IN SEPTEMBER 1962 a group of young officers with Egyptian support overthrew the thousand-year- old Imamate of Yemen and, modelling themselves on Egypt, sought a senior army officer to serve as a figurehead, as General Mohammad Neguib had done for Colonel Nasser. Abdullah Sallal was reputedly their second choice but none the less became the first President of the Yemen Arab Republic and Prime Minister, promoted himself Field Marshal and determined to rule, getting rid of potential rivals, some of whom fled into exile. He showed no signs of having any political ideology, contenting himself with vague statements about getting rid of social and political injustice and playing a full part in Arab affairs in alliance with Egypt. He spent long periods in Egypt and was finally ousted in a bloodless coup after Nasser withdrew his support in November 1967.
Abdullah Sallal was born in 1916, a member of the blacksmith class and thus, although a Zaidi, was not of tribal origin. When in the mid-1930s the Imam Yahya of Yemen had to replace the ageing Turks who had hitherto officered his army he wanted men without their own tribal or religious affiliation and Sallal was one of those selected for training at the Military Academy in Baghdad. He returned in 1939, like some of his comrades critical of the lack of progress in his homeland and, before starting his military career, was briefly imprisoned as a warning against indulgence in politics. In 1948 he was implicated in the murder of Yahya and spent the next seven years in prison, part of the time in chains in an underground cell.
In 1955, at the request of the liberal-minded young Crown Prince Muhammad al-Badr, Sallal was released and put in charge of the port of Hodeidah. It is believed that he made contact with Egyptian intelligence at this time while Nasser was seeking a foothold in the Arabian Peninsula. In 1961 an assassination attempt on the Imam Ahmad in Hodeidah almost succeeded and Sallal was dismissed. Ahmad, however, allowed his son Badr to make Sallal chief of his bodyguard and when in September 1962 Badr succeeded to the throne, he appointed Sallal a colonel and Chief of Staff. A week later the military coup took place and Sallal took up office.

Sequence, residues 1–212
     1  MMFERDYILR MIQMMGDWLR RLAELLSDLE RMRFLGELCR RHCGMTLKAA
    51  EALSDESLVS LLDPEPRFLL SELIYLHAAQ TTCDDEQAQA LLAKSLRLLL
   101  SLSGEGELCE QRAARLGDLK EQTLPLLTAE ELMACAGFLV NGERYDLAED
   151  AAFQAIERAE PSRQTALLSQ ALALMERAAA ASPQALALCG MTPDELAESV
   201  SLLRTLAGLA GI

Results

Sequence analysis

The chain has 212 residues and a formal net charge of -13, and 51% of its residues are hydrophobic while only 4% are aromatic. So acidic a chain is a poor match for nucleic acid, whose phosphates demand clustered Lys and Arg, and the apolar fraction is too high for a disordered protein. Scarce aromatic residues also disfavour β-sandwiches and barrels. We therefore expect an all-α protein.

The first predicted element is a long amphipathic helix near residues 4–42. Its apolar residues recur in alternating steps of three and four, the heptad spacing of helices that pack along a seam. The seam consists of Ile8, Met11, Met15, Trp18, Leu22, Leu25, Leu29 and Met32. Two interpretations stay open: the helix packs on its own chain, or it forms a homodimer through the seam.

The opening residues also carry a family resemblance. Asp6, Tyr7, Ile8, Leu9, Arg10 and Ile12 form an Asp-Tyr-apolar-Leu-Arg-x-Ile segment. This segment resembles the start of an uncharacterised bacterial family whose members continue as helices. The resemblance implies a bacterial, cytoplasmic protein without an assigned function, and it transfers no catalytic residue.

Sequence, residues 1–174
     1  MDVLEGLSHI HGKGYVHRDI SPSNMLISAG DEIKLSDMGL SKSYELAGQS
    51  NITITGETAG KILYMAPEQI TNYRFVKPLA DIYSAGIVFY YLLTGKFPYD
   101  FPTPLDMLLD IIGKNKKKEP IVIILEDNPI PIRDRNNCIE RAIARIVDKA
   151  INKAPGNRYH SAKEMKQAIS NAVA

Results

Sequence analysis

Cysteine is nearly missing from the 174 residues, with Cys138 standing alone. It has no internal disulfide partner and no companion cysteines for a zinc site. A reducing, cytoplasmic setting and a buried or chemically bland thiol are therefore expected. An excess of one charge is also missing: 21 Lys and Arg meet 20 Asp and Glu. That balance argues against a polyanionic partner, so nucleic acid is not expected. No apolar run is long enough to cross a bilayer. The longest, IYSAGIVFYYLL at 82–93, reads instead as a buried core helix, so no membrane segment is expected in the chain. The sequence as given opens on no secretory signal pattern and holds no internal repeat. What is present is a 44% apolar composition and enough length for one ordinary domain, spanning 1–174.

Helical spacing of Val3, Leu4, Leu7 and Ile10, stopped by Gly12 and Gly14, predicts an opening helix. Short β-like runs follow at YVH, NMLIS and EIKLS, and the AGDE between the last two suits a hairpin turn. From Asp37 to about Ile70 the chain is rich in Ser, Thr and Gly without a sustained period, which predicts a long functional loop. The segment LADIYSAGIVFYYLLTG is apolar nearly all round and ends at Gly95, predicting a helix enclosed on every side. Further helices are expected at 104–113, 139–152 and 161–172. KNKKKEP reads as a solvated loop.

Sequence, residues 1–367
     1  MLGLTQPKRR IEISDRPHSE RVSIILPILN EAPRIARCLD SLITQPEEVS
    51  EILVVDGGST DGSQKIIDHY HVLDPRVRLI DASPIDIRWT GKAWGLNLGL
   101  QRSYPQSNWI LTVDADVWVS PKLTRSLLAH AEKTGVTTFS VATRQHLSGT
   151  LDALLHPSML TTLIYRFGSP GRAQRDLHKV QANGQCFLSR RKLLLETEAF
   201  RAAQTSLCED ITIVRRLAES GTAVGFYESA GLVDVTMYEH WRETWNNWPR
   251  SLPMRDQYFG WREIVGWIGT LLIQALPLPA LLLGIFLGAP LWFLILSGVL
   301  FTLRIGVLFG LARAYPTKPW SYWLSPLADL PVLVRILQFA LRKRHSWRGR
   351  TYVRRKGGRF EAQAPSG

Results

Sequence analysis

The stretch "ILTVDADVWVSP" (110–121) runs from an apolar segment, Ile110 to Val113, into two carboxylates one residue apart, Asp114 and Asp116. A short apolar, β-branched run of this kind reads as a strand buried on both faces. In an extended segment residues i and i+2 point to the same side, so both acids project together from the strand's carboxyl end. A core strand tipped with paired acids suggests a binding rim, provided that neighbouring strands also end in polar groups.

Sallal became extremely unpopular. He was regarded as a bully and an intriguer, motivated purely by self-interest, disliked by the Zaidis for his low birth and by the Shafais for refusing them any concessions: there were several attempts on his life. Royalist resistance increased and Sallal became entirely dependent upon the Egyptians to the extent that he was regarded as their puppet. They even censored his speeches. The Royalists were backed by the Saudis, against whom Sallal called for all-out war, proclaiming a Republic of the Arabian Peninsula, and by the British in Aden, but he succeeded in persuading the Kennedy administration that he was a liberal and progressive ruler and secured its recognition. He never publicly deplored the Egyptian use of napalm and poison gas against his fellow countrymen.
Sallal was unable to secure constitutional legitimacy or efficient administration and Nasser, visiting Sanaa, the capital of Yemen, in April 1964, was so horrified by the chaos that he appointed a prime minister and took Sallal back to Cairo with him for some months. Sallal also visited Moscow, where he signed a Friendship Treaty, and Peking. When in the winter of 1964- 65 he returned home he found that moderate Royalists and moderate Republicans were near a settlement which would have involved the retirement of both himself and Imam Badr. He managed to frustrate this but Nasser, now anxious to disentangle himself from the Yemen, summoned him to Cairo where he spent much of a year under a measure of restraint.
In August 1966 when Nasser, knowing that the British had decided to leave Aden, changed his mind and determined to stay in Yemen so as to be in a position to take advantage of their withdrawal, he sent back Sallal. The prime minister, General Amri, occupied the airfield to prevent the President from landing but was compelled by superior Egyptian forces to retire. Sallal appointed himself Prime Minister in defiance of his own Constitution and conducted a ferocious purge: amongst those shot in public were a Vice-President and a Deputy Chief of Staff. There were widespread reports of torture. Sallal in January 1967 attempted to form a political party but few were reported to have joined it voluntarily.
After his defeat in the June War of 1967, Nasser withdrew his troops from the Yemen. Sallal now had no support either at home or abroad and at the beginning of November left Sanaa in the hope of help from Moscow. On 5 November he was ousted in a coup, bloodless because no one lifted a finger to defend him. Nasser refused him refuge in Cairo and for a while he settled on Baghdad on a pension from the Iraqi government. He was allowed to return home in October 1981 and played no part in political life although his mordant comments on men and events were eagerly passed round the capital.
Sallal was a swarthy, black-jowled man, usually looking lugubrious, crumpled and untidy. In many ways a traditional Zaidi, he kept his family affairs completely private.
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